Recepcia práva a vznik právneho poriadku medzivojnovej Československej republiky
RECEPTION OF LAW AND THE FORMATION OF INTER-WAR LEGAL ORDER IN THE CZECHOSLOVAK REPUBLIC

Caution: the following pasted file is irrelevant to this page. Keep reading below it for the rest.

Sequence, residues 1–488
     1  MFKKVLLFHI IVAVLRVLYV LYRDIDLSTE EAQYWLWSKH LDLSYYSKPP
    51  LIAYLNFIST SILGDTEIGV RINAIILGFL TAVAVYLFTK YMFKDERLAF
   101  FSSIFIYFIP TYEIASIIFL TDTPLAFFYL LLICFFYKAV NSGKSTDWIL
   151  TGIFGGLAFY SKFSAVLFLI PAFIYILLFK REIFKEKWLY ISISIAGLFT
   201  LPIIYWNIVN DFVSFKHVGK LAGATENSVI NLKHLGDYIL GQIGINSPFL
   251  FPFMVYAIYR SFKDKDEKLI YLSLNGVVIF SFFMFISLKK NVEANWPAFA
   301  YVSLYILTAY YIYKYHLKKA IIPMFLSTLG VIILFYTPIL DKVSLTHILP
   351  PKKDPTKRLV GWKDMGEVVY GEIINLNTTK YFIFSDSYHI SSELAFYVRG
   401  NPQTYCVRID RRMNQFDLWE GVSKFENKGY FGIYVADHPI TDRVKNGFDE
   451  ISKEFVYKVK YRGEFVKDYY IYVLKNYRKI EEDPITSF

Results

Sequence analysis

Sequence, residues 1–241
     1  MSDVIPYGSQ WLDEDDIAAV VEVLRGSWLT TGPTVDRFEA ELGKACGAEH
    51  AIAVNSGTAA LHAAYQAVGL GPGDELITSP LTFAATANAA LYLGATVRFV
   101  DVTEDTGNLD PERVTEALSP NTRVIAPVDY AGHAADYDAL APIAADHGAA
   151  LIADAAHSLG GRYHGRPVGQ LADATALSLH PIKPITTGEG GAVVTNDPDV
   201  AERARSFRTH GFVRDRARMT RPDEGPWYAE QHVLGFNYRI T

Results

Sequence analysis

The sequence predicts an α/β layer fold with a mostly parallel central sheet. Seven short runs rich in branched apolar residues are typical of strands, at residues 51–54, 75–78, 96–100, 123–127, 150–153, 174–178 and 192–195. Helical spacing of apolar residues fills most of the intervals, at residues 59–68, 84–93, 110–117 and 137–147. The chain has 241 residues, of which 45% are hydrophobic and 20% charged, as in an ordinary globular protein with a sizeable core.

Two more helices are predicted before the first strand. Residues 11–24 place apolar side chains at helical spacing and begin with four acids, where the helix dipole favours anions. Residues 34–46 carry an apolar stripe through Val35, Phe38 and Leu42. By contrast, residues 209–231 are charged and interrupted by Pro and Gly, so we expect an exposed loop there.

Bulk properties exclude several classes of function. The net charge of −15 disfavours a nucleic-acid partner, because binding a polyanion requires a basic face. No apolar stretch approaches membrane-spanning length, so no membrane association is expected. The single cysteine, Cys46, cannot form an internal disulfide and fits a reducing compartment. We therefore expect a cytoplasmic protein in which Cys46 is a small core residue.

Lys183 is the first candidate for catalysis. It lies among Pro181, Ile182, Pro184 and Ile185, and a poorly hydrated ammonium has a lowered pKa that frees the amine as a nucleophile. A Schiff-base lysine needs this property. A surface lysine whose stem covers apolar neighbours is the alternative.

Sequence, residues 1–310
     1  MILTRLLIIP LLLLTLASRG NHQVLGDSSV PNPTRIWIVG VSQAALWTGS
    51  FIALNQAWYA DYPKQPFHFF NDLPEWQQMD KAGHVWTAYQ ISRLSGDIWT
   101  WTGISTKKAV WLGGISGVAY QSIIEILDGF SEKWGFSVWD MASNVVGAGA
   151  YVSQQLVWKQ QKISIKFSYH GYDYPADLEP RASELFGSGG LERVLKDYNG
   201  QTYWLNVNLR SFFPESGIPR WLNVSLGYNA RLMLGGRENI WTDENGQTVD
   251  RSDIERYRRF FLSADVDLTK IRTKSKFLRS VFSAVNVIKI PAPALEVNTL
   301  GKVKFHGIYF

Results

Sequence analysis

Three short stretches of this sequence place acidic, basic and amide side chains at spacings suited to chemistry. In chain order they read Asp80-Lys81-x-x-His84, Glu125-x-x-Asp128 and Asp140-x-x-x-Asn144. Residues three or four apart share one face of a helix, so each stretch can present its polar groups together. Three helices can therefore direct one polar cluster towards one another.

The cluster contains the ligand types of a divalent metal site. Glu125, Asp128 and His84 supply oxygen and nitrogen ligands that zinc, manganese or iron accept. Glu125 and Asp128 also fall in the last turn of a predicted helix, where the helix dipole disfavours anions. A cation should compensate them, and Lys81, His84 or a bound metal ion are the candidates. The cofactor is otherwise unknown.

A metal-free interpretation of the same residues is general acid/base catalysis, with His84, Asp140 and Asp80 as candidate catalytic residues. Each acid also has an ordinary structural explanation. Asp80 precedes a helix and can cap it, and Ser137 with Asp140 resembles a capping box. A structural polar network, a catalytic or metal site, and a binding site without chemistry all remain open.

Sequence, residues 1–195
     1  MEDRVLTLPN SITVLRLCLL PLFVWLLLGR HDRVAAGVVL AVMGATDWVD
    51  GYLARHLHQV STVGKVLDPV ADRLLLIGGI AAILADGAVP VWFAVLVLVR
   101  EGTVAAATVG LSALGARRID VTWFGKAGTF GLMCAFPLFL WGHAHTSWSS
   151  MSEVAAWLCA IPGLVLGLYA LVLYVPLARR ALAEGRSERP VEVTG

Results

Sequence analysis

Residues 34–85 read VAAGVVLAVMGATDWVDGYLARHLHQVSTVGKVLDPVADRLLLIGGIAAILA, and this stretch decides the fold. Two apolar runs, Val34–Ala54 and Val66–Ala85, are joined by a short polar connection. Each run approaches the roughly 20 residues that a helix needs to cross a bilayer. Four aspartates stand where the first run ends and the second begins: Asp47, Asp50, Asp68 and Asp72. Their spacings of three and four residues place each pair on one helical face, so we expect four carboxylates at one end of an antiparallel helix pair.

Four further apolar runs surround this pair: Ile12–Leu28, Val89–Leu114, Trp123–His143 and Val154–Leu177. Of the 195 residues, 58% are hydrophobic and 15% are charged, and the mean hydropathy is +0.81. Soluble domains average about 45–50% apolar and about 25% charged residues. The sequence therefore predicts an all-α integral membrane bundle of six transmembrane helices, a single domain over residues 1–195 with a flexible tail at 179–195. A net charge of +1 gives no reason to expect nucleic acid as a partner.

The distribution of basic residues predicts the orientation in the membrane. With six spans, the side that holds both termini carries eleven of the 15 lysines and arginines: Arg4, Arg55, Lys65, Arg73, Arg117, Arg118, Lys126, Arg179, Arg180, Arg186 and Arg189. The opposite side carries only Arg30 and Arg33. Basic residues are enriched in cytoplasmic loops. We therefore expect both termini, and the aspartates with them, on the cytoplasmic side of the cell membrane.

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The end of World War I, dissolution of multinational Austria-Hungary and consequent for- mation of independent national states, borders of which were internationally guaranteed in the peace Treaty of Versailles, affected law development in the territory of Slovakia. These facts were not from the viewpoint of private law as substantial as revolution acts of 1848/1849; how- ever, they meant minimally a change in State and legal conditions, usually connected more or less with efforts to create new, mostly “national” law and a legal order. The revolutionary for- mation of the Czechoslovak Republic did not provide the time needed for creation of materially new law, and thus the institute of reception of law found its application, principally necessarily, meaning that from the material or contentual viewpoint the legal order of the newly established Czechoslovak State was identical to the legal order of the ceasing to exist Austria-Hungary, ex- cept for necessary changes related to the changes of the State and legal conditions. With regards to the fact that the legal order of Austria-Hungary was not internally, formally or materially the same, reception of law content determined existence of two legal areas in one, often claimed to be unitary, State. The author was interested in the legal area of Slovakia, where as consequence of reception former Hungarian legal norms (transformed to Czechoslovak norms valid in the territory of Slovakia) remained valid; and in its framework sources of private law, in particular specific for the Hungarian legal order — the legal customs and binding decisions of the Hungar- ian Supreme Court (the so-called curial decisions).
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